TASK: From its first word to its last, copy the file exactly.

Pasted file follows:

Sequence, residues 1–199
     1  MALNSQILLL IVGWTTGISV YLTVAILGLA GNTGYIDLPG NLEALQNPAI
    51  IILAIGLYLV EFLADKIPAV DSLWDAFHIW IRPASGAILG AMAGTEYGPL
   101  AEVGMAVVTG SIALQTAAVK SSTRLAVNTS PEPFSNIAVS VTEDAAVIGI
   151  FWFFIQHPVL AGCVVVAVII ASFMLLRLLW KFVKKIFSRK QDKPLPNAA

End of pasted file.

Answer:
Sequence, residues 1–199
     1  MALNSQILLL IVGWTTGISV YLTVAILGLA GNTGYIDLPG NLEALQNPAI
    51  IILAIGLYLV EFLADKIPAV DSLWDAFHIW IRPASGAILG AMAGTEYGPL
   101  AEVGMAVVTG SIALQTAAVK SSTRLAVNTS PEPFSNIAVS VTEDAAVIGI
   151  FWFFIQHPVL AGCVVVAVII ASFMLLRLLW KFVKKIFSRK QDKPLPNAA